Ahh, the 70s. What the hell, since we’re well down the rabbit hole at this point, let’s just dive a little deeper so’s I can share with y’all what always was my own personal favorite Skynyrd tune.



Smash ’em up-date! And the hits just keep on coming.

DeSantis broaches repeal of Disney World’s special self-governing status in Florida
Florida’s Republican Gov. Ron DeSantis addressed on Thursday the suggestion of repealing a 55-year-old state law that allows Disney to effectively govern itself on the grounds of Walt Disney World, following the company’s public opposition to a controversial parental rights law in Florida.

“What I would say as a matter of first principle is I don’t support special privileges in law just because a company is powerful and they’ve been able to wield a lot of power,” DeSantis said during a press conference in West Palm Beach, Florida on Thursday.

DeSantis’s comments comes after Florida State Rep. Spencer Roach tweeted that he has met with legislators to discuss repealing the self-governing law in response to Disney’s recent actions.

“Yesterday was the 2nd meeting in a week w/fellow legislators to discuss a repeal of the 1967 Reedy Creek Improvement Act, which allows Disney to act as its own government,” Roach tweeted. “If Disney wants to embrace woke ideology, it seems fitting that they should be regulated by Orange County.”

While I’m viscerally against any flexing of government muscle in the private sector just on general principle, it’s clear we’re way beyond the point where stubbornly standing on principle can help us much. This is a war we’re in here, and out-of-control Woke mega-corps who think to dictate to state governments what they may and may not do is a bridge too far for me. As DeSantis has said:

“This state is governed by the interest of the people of the state of Florida. It is not based on the demands of California corporate executives,” DeSantis said. “They do not run this state. They do not control this state.”

Nor should they, nor should they be allowed to summarily act as if they do. With the announcement that “Our goal as a company is for this law to be repealed by the legislature or struck down in the courts…” Disney declared war on the very concept of self-government. Fine then, motherfuckers. You want a war? You got one—with Ron The Knife as our commanding general. Let’s see how that works out for ya.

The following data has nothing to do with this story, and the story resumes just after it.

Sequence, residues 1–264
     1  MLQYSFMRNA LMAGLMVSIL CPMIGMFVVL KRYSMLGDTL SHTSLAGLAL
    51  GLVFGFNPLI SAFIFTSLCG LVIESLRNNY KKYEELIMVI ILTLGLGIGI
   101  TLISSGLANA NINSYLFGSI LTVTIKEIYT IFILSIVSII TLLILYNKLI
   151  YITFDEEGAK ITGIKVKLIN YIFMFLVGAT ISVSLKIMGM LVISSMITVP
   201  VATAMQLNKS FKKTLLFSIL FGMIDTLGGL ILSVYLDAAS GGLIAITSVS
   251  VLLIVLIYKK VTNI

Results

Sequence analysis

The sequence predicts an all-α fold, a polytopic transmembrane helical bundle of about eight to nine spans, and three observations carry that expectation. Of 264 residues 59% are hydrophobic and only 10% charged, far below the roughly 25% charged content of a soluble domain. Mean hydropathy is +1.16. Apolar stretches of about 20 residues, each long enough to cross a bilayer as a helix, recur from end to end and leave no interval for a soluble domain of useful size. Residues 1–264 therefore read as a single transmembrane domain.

Disney’s wildly mistaken notion of what their “goal as a company” should be needs to be corrected, badly and most ricky-tick. DeSantis and his like-minded cohorts in FLA government just might be the perfect teachers to straighten Disney’s ass out but good, seems to me. It’s absolutely imperative that US corporate execs, whatever their employer’s field of endeavor, are reminded of the proper role, priorities, and boundaries of American businesses. Given their own outsized power, influence, and reach, this reminder must be firm, unequivocal—even painful, if that’s what’s required to force them back into their own lane again.

1

RIP

We mourn the untimely loss of one of the most pure-tee badass drummers I ever did hear tell of.

Foo Fighters drummer Taylor Hawkins has passed away at the age of 50, according to a statement from the band.

A cause of death has not yet been disclosed.

Whatever the cause turns out to have been, I’m mighty sorry to hear this news. Check out this great old (1998?!? That CAN’T be right) live footage, from some outdoor festival or other up in soggy Vancouver.



The above show marked my first exposure to Hawkins, who blew me away completely. He’s the only kind of drummer I ever really liked: laying down a solid, rock-steady rhythm, gangly arms and legs flailing wildly about, rivers of honest sweat flowing from the opening number; throwing his entire body into pounding those skins so danged hard the front five rows would be in pain from the bludgeoning for days after—in sum, a perfect marriage of flawless technique; originality, passion, and style; and just sheer, fangs-bared ferocity. Seeing him play, you almost had to feel sorry for those poor drum heads and sticks, so profound was their ordeal.

Dave Grohl is a supremely talented multi-instrumentalist, a top-tier drummer, and a bona fide rock star his own self (Grohl, remember is the guy who propelled Nirvana to legendary status; the band spent years spinning their wheels and going nowhere until signing him on). As such, only a monster ass-kicker could ever play drums behind him, or would ever dare to attempt it. The Foo Fighters kept Taylor around for many a long year, which speaks volumes all by itself.

Fare thee well, Taylor Hawkins. You’ll surely be missed, and sorely. Your departure leaves your bandmates with some mighty big shoes to fill; I can’t say I envy them the task.

Update! Doubt me concerning Hawkins’ rabid-gorilla approach as a confirmed Brutalizer of Beat? Think I must be exaggerating the raw, impassioned fury of Taylor’s inimitable attack? Pick up the above vid at, say, 1:35 or so, watch that big tall drink of water slash and burn his way through the turnaround—this is but one of many examples, there are many more. After you do, come back and tell me you still feel that way.

Above their station

The Wokester punk-ass cockholsters dare to dream of cancelling Tchaikovsky now? SRSLY?!?